Lafayette residents urged to vote for Open Space Trust Fund Amendment

12 Oct 2020 | 04:42

Lafayette residents approved the Township’s initial Open Space referendum on Nov. 8, 2005, to establish a Municipal Open Space, Recreation, and Farmland, and Historic Preservation Trust that would be funded through the collection of an annual levy of between one ($0.01) and three ($0.03) cents per $100 of assessed valuation. The Trust Fund revenue was targeted primarily to acquire and preserve open space, recreation, farmland, and/or historic properties.

Since that time, Lafayette has successfully acquired just shy of 169 acres for active and passive recreation opportunity. The collection of the local open space tax has allowed Lafayette to leverage both state and county grant funding to use toward the purchase of the lands acquired. Recently, the Open Space Advisory Committee completed an update to the Lafayette Open Space and Recreation Plan that was referred to the Land Use Board for adoption as an element of the Master Plan.

The new plan reports that Lafayette has spent $928,634 to complete three preservation projects, but less than a third of that amount came from the local Open Space Trust fund as the township was able to leverage both state and county grants to support those acquisitions. These projects consist of the Lawlor Farm acquisition envisioned for future active recreation and two others, Moose-Castimore and the Morgan Farm, that encompass the Statesville Quarry Ridge Preserve.

State statute regulates the purposes that funds from a local Open Space Trust can be used for. Although Lafayette previously focused its open space program upon acquiring property, Green Acres rules allow municipalities to revisit a previously approved proposition regarding open space conservation to add such things as development of township preserved properties.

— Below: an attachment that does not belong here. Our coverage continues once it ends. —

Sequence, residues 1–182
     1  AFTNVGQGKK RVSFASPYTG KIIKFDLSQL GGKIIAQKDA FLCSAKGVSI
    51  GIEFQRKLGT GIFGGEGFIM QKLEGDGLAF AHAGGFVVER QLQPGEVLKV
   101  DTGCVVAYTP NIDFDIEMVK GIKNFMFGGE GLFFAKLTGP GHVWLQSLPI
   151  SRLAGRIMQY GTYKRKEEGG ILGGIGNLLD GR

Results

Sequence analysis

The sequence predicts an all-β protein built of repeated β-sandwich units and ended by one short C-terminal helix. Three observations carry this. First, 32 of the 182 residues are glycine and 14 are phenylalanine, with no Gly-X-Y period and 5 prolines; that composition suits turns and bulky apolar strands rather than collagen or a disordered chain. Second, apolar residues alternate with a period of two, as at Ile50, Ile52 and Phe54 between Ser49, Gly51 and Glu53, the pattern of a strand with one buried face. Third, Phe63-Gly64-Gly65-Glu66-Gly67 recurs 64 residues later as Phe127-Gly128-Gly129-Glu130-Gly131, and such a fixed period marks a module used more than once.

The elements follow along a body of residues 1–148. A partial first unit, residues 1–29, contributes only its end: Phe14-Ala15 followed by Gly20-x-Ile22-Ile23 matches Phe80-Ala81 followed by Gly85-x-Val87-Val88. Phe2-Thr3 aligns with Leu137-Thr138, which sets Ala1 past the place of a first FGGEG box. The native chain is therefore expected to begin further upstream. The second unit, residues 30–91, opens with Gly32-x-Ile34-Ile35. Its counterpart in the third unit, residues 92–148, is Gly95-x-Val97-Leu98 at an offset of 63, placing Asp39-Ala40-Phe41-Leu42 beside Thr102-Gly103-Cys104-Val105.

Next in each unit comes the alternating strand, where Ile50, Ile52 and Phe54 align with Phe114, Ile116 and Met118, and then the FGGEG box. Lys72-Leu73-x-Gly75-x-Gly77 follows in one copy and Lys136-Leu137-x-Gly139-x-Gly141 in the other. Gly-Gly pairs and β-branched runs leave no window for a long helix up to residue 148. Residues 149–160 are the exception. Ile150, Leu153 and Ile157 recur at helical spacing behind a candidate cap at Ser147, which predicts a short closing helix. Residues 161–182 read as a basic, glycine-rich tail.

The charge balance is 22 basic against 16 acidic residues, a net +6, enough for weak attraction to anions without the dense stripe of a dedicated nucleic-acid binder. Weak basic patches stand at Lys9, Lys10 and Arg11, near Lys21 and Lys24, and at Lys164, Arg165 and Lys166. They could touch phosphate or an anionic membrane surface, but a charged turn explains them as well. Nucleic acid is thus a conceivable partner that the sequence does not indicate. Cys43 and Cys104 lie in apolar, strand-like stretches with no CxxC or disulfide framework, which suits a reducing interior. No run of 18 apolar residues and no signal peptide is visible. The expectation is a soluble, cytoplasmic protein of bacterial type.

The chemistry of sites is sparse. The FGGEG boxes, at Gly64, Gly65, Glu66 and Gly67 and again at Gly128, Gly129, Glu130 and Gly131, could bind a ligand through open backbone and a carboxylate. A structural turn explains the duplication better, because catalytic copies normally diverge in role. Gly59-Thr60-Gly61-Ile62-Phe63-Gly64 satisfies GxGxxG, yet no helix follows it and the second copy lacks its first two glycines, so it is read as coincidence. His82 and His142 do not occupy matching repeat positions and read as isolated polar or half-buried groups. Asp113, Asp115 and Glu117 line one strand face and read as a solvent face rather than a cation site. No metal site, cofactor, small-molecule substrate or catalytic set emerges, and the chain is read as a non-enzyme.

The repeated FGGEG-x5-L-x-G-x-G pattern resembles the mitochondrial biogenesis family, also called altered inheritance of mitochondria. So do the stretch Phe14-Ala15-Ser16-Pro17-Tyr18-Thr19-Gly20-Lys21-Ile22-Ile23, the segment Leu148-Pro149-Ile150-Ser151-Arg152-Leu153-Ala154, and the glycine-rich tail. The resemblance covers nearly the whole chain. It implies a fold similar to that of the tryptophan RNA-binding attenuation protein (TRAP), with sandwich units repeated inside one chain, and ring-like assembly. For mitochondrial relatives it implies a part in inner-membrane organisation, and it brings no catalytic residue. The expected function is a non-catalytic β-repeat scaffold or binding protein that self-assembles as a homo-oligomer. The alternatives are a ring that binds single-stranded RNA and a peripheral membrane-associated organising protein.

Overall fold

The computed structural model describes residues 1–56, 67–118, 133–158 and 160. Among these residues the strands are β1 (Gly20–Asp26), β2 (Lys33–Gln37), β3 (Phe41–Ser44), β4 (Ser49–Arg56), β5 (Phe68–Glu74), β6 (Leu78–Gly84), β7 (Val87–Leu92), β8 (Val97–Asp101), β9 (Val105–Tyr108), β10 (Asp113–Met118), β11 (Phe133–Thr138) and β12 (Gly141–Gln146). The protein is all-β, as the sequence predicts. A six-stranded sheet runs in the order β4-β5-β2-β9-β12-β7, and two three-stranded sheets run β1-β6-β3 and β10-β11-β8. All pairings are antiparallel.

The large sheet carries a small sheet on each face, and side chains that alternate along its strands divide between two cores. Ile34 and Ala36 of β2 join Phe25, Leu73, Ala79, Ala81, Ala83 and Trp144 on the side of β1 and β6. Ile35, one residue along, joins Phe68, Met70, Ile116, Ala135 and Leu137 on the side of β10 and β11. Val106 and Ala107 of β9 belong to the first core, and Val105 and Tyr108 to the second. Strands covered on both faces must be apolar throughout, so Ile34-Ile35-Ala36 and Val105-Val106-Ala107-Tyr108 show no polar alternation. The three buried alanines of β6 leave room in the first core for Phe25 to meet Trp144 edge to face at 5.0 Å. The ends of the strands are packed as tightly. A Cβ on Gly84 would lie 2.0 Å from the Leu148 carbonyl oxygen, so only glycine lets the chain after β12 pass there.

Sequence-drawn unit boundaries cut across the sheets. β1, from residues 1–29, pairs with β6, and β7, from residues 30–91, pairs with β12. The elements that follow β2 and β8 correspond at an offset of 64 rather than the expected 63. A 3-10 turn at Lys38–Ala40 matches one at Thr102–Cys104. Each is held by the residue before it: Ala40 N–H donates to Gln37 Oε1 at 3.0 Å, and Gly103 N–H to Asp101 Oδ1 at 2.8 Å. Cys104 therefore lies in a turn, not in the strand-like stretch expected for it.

This Nov. 3, Lafayette voters will see a referendum question on their ballots that asks whether township residents are in favor of granting the governing body the discretion of allotting a maximum of 30% of the total funds held in the trust each year to be utilized for development of land acquired for recreation and conservation purposes “Development” is defined as any improvement to land acquired for recreation and conservation purposes designed to expand and enhance its utilization for those purposes.

A “yes” vote on this referendum question will mean that the voters are in favor of an option that up to 30% of the balance of the “Lafayette Township Open Space, Recreation, and Farmland and Historic Preservation Trust Fund” may be utilized for development costs to improve township preserved properties. The Open Space Advisory Committee recommended that the Township Committee place this issue on the ballot to determine if Lafayette is in favor of adding another purpose that the trust fund proceeds may be used for. Several Sussex County towns, as well as the county, have taken similar action to add development as a potential use of these trust funds.

Please look for this question on your ballots in November.

Kevin O’Leary

Lafayette Open Space Advisory Committee